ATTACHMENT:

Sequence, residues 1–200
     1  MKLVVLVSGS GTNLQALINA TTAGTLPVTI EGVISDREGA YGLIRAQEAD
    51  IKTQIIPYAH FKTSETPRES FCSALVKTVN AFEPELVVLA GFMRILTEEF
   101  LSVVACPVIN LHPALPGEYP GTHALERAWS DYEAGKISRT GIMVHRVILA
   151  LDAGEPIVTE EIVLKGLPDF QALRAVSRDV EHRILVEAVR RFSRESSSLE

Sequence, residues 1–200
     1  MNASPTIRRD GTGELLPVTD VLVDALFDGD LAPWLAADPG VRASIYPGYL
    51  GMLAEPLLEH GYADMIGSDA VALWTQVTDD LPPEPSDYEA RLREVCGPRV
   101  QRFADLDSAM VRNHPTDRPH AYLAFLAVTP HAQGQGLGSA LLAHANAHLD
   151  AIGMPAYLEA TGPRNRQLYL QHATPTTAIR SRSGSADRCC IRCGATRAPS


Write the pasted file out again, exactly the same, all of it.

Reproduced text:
Sequence, residues 1–200
     1  MKLVVLVSGS GTNLQALINA TTAGTLPVTI EGVISDREGA YGLIRAQEAD
    51  IKTQIIPYAH FKTSETPRES FCSALVKTVN AFEPELVVLA GFMRILTEEF
   101  LSVVACPVIN LHPALPGEYP GTHALERAWS DYEAGKISRT GIMVHRVILA
   151  LDAGEPIVTE EIVLKGLPDF QALRAVSRDV EHRILVEAVR RFSRESSSLE

Sequence, residues 1–200
     1  MNASPTIRRD GTGELLPVTD VLVDALFDGD LAPWLAADPG VRASIYPGYL
    51  GMLAEPLLEH GYADMIGSDA VALWTQVTDD LPPEPSDYEA RLREVCGPRV
   101  QRFADLDSAM VRNHPTDRPH AYLAFLAVTP HAQGQGLGSA LLAHANAHLD
   151  AIGMPAYLEA TGPRNRQLYL QHATPTTAIR SRSGSADRCC IRCGATRAPS